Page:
Plan? What Plan?

We have seen that, having suffered the lowest average reading pass rate and the second lowest math pass rate in Virginia, Richmond this year “requested” a “division-level academic review.”

§ 22.1-253.13:3.A
                                                      * * *
When the Board of Education determines through the school academic review process that the failure of schools within a division to achieve full accreditation status is related to division-level failure to implement the Standards of Quality or other division-level action or inaction, the Board may require a division-level academic review. After the conduct of such review and within the time specified by the Board of Education, each school board shall submit to the Board for approval a corrective action plan, consistent with criteria established by the Board setting forth specific actions and a schedule designed to ensure that schools within its school division achieve full accreditation status.

On November 17, 2016, the Board of Education approved the request.  The minute is silent as to the “time specified” for the review.  The agenda item for that meeting provides an expectation (that was not submitted to the Board for approval) but no deadline:

A division-level Memorandum of Understanding and Corrective Action Plan are expected to come before the Virginia Board of Education by June 22, 2017.

Today (May 8, 2017), Richmond replied to my Freedom of Information Act request regarding the Plan:

  • They do not have a suggested model or list of items or format for the Plan from VDOE;
  • They have no schedule for conducting the division level review;
  • They have no plan or schedule for obtaining the required public input; and
  • The do have a draft “template [that] has not been vetted with RPS administration nor has it been presented to the State Board of Ed[ucation].”

One need not suffer beyond the first few elements in the template to see that it is not a Plan.  It is a list of items to go into a Plan. 

For example, the “Essential Action[s]” on the “Academics and Student Success” page include:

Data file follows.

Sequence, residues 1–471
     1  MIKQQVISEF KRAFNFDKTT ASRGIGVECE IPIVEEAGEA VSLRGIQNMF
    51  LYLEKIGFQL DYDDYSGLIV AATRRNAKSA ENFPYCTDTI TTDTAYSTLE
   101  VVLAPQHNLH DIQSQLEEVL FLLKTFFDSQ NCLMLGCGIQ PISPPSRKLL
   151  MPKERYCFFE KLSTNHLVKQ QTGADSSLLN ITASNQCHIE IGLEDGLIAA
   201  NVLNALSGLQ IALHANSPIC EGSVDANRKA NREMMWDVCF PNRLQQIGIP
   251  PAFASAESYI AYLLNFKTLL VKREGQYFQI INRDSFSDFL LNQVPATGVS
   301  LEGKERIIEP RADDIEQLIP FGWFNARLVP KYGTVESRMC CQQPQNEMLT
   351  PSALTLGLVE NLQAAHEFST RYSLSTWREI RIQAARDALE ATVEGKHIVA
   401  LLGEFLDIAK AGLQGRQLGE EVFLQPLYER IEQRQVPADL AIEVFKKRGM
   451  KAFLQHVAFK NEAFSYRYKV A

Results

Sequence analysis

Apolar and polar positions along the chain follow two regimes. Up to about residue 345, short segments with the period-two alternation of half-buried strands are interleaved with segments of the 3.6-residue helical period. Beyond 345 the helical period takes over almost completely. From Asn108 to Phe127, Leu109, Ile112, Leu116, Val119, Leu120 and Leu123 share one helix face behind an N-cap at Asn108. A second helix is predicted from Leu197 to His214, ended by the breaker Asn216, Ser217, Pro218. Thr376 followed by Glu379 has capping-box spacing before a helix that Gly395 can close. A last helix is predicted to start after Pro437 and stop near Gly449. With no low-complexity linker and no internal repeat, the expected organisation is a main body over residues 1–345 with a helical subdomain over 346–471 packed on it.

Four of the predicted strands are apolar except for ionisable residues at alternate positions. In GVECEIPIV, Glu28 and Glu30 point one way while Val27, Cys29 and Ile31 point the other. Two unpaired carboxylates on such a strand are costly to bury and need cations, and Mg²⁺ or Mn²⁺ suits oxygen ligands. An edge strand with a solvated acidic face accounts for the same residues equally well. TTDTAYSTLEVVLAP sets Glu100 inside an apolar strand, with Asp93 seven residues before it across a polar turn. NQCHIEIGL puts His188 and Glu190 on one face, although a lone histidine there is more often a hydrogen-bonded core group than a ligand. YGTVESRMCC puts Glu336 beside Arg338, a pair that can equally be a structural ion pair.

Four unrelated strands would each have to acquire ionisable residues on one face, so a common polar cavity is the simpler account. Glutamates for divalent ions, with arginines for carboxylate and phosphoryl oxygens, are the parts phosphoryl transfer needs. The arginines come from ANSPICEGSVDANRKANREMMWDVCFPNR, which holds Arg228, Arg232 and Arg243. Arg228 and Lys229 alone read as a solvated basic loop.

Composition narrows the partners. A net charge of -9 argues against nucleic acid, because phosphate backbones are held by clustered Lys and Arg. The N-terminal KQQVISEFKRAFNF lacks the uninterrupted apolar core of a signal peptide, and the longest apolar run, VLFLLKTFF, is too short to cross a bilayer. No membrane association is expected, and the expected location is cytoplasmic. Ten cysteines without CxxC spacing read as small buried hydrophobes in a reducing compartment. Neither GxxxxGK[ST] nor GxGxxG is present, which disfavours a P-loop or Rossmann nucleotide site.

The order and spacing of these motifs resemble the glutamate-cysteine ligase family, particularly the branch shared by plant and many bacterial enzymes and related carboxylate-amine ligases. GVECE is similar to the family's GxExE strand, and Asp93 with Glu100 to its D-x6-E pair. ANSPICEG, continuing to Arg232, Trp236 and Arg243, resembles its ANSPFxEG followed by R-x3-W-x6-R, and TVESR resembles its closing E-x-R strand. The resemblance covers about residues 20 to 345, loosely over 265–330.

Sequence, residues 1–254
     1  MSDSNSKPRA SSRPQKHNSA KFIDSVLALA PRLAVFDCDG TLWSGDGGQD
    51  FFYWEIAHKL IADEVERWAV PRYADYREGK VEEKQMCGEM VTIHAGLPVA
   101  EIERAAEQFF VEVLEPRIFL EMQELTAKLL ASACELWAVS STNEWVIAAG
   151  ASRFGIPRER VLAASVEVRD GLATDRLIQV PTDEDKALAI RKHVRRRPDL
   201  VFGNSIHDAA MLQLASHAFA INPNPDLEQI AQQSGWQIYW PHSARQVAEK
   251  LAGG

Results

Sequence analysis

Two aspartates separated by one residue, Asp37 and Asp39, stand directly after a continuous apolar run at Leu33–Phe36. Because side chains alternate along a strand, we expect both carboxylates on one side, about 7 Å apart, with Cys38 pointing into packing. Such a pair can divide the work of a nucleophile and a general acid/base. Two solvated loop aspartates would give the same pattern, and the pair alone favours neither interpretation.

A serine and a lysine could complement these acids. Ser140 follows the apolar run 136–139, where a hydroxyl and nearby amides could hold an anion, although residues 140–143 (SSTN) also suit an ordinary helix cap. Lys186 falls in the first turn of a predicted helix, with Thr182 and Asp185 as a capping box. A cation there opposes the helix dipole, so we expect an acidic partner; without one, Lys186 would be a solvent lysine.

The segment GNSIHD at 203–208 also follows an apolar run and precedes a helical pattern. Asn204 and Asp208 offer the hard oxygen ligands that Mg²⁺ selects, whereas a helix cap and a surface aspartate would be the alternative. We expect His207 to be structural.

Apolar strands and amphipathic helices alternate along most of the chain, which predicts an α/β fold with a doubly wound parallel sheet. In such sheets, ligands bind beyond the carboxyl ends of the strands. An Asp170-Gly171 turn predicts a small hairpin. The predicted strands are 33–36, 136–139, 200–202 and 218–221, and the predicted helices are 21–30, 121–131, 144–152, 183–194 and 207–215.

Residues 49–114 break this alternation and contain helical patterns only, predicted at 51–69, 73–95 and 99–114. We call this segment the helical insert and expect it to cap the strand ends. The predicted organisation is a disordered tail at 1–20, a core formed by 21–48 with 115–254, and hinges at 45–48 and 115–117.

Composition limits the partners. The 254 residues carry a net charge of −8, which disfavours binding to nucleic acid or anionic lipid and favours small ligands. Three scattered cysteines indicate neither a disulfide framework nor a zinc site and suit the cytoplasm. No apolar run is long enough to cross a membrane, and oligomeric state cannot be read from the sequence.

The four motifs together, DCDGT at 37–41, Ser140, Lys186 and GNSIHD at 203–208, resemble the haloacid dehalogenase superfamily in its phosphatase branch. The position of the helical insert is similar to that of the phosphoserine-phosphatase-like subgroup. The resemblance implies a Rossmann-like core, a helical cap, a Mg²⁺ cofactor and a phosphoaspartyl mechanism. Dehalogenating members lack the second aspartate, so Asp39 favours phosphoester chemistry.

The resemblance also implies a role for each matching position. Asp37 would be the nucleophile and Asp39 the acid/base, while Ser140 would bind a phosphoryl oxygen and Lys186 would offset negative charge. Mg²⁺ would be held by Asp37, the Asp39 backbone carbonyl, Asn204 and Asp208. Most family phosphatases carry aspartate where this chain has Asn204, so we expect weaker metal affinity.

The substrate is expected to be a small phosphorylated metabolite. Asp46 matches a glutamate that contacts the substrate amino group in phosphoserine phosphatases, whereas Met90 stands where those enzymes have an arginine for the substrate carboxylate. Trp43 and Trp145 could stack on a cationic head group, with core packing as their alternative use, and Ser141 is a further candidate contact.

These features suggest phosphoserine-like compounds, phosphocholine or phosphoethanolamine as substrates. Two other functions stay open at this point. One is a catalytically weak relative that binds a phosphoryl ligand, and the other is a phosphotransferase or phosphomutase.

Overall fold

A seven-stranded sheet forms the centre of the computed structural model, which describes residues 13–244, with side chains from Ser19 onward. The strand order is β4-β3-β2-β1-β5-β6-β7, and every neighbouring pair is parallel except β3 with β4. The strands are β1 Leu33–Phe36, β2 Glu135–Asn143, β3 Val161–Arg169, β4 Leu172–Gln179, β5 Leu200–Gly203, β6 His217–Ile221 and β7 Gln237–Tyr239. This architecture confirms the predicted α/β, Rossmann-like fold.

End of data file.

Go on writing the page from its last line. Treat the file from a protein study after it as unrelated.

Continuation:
• Create, implement, and monitor a comprehensive plan to ensure alignment between the written, taught, and tested curriculum.
  • Develop and implement a plan for division leadership to conduct instructional walkthroughs at all schools, analyze data collected on walkthroughs, and use the data to make decisions on how to support schools.
  • Develop, implement, and monitor programs for students with limited English proficiency compliant with state requirements.

And on and on.

Thus, we see that, in the 172 days since November 17, Richmond has done nothing but create a laundry list of issues to go into a Plan.  If they somehow manage to “vet [this or some other document] with RPS administration” and subject it to public comment and have it approved by the School Board, all by June 22, they still will have nothing more than a plan to create a Plan.

But, what the heck!  The Board of “Education” that is vested with “supervision of the public school system” does not know how to fix bad schools.  Indeed, they admit it (Sept. 21, 2016 video starting at 1:48).

It is merely an outrage that we are being taxed to support this sterile (and lethargic) bureaucratic exercise. It is something beyond an abomination that, in the meantime, Richmond continues to victimize many of its schoolchildren.

Graduate or Not

When looking at the cohort graduation rates, I tend to look at the 4 year rate.  After all, four years is the normal time in high school.

The helpful reports on the VDOE Web page also include five and six year data.  For the class of 2016 (cohort of 2012-13) there can only be a four year report.  For the class of 2015 (cohort of 2011-12), however, the extra year opens the door to calculation of both a four and a five year rate.

So I pulled the Class of 2015 data.  The rates below are the actual (standard and advanced diploma) rates, not VDOE’s inflated “on time” numbers.

For a start, here is a chart of the division five year vs. four year graduation rates.

image

Richmond is the gold square (sigh!).  The red diamonds are, from the left, poor Petersburg (notwithstanding over twelve years of “help” from the State Board of “Education”) and the peer cities of Norfolk, Hampton, and Newport News.

The R-squared of 98% tells us that the two rates correlate: Divisions with a high four year rate have high five year rates and those with low, low (see Petersburg and – help us, Lord! – Richmond). 

Notes on the data:

  • Highland County is omitted.  They had only eleven in the cohort and fewer than the cutoff (ten) in each category (VDOE suppresses data where there are <10 students).
  • In many cases, the five and six year cohort sizes are different, apparently reflecting cohort members who leave or return during the fifth year.  Thus, Cumberland County shows a 1.6% decrease in the five year rate, reflecting the same numbers of diplomas but an additional two students in the five year cohort.
  • That sad point between Petersburg and Richmond is Covington.
  • The two divisions at the upper right are Falls Church and West Point.
  • The Richmond rates were 70.6% and 73.1%.  Both are appallingly low.  The (welcome) increase comes from thirty-eight kids who did not get diplomas in four years but now have them.

Here is the breakout of the Richmond data.

image

I think that last entry is “Economically Disadvantaged anytime.”